Daniel Pink: The puzzle of motivation

Watch a fascinating speech by Daniel Pink, talking about motivation in 21st century:

 

You can find a short summary of Daniel Pink’s speech below:

Daniel Pink starts his speech with mentioning Karl Duncker’s candle problem. Participants of the experiment are presented with a following problem: they should attach a candle to the wall and light it up in a way that wax doesn’t fall from it. They have box of matches and box of thumbstacks at their disposal. The solution is to use box as a platform for a candle. Years later experiment was carried out – two groups of students were presented with the same problem, only this time there was timing of their efforts. First group was told that they will be timed to establish average for further comparison, the second group was offered financial rewards. Surprisingly, the second group spent 3.5 minutes longer on solving the task, despite financial incentive. That seems to be against whole logic of bonuses, commissions and other incentives used at companies to motivate their workers. As it turns out, such incentive can block creativity and narrow out focus. According to Daniel Pink such rewards can work perfectly well in simple tasks, the ones that don’t require any creativity. The 21st century problems are hardly ever simple. One of the thesis Pink is defending says that there is a mismatch between what science knows and what business does, this example seems to confirm it.

The same conclusion about rewards as motivators was reached by American economists: D. Ariely, U. Gneezy, G. Lowenstein and N. Mazar. They carried out an experiment with participation of students, who were offered 3 kinds of rewards for solving a given task. The conclusions reached based on this experiment are as follows:

“As long as the task involved only mechanical skills, bonuses worked as they would be expected: the higher the pay, the better the performance. But once the task called for even rudimentary cognitive skill, a large reward led to poorer performance”.

In eight of the nine tasks we examined across the three experiments, higher incentives led to worse performance”.

The same conclusion was reached by Dr. Bernard Irlenbusch from London School of Economics:”We find that financial incentives…can results in a negative impact on overall performance”.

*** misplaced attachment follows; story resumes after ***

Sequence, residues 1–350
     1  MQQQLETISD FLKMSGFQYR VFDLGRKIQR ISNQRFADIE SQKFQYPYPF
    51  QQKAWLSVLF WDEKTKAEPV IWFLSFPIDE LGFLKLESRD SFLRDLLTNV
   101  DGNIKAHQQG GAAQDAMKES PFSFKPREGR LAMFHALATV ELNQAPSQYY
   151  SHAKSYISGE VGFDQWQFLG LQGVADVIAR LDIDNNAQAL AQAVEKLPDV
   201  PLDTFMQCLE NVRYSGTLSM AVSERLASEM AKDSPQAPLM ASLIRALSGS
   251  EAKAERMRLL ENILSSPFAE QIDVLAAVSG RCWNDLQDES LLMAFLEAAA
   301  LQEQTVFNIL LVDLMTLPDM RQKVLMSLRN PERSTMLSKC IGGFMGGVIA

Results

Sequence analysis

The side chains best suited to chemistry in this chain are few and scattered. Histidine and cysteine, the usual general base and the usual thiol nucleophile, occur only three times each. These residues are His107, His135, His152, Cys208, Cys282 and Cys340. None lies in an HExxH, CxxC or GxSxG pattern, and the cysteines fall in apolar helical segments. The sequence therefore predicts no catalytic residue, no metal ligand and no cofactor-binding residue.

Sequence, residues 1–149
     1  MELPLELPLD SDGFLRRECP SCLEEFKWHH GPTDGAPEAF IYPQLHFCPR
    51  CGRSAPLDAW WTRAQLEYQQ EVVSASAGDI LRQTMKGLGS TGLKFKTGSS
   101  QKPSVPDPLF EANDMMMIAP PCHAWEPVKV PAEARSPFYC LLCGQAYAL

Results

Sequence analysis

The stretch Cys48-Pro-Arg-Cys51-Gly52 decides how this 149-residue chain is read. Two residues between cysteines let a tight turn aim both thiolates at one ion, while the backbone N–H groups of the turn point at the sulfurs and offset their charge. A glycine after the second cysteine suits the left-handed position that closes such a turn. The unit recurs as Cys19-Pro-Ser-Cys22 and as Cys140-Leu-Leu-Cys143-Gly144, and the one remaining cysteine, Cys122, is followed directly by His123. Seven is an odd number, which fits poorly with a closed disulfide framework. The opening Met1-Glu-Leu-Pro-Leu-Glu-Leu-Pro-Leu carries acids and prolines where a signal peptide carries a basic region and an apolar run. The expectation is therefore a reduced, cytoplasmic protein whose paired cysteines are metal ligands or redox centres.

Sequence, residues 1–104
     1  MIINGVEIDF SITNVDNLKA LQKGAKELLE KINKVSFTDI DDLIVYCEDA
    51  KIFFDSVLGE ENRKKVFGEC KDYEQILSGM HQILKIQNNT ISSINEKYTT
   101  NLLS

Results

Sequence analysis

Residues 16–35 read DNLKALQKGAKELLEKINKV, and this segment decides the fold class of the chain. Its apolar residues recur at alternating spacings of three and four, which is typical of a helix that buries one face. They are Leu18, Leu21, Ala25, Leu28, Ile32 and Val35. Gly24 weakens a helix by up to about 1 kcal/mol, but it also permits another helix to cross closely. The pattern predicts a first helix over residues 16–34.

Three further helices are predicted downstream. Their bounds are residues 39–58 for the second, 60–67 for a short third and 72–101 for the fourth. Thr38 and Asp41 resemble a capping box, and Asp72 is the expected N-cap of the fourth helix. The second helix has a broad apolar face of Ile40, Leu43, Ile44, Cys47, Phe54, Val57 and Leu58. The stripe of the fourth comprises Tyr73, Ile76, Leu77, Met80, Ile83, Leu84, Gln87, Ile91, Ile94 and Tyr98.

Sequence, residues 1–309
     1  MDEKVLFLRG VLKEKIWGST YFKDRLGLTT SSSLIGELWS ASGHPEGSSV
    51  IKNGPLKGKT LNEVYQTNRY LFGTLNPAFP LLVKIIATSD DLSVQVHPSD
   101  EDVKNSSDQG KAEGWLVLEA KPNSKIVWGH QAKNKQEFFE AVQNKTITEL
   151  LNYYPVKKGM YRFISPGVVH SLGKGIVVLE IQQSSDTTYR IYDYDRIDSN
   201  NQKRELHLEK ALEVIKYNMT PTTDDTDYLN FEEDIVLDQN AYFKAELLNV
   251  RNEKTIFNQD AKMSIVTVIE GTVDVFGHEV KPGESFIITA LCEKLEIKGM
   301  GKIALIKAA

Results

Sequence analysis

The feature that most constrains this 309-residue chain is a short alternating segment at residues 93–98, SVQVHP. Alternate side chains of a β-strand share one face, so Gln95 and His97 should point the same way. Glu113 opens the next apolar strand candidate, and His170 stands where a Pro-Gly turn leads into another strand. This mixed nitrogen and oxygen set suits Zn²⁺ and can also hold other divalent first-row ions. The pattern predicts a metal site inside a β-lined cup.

Daniel Pink points out business needs new approach, based on intrinsic motivation consisting of three elements: autonomy (Pink defines it as urge to direct our life), mastery (desire to get better and better at something that matters) and purpose (yearning to do what we do for something bigger than ourselves).

Speaking of autonomy, we have to realize as Pink points out that management is something invented, not intrinsic. It works if you are looking for compliance, but if you want engagement, then self-direction seems to be much better choice. This can be illustrated by various examples from different companies where focus is on autonomy, for example Google, where you can devote 20% of your time to your own initiatives (this is how roughly half of new products is created), or Australian company Atlassian that introduced so-called Fedex days: each employee once a month has 24h to work on his own project and then has to present it in front of whole company. The extreme form of autonomy is represented by a system called ROWE (Results Only Work Envrionment), where people don’t have any schedules, they don’t have to come to the office, they simply need to have the job done – how, when and where is totally up to them.

Final point used by Daniel Pink to illustrate his thesis is the example of encyclopedia – one designed by Microsoft, on which money was spent and of which hardly anyone has heard vs. Wikipedia, created just for fun, without any financial incentives, which turned out to be a huge success.

To sum up – in 21st century it is not the money, but intrinsic motivation that is a driving force behind success. 

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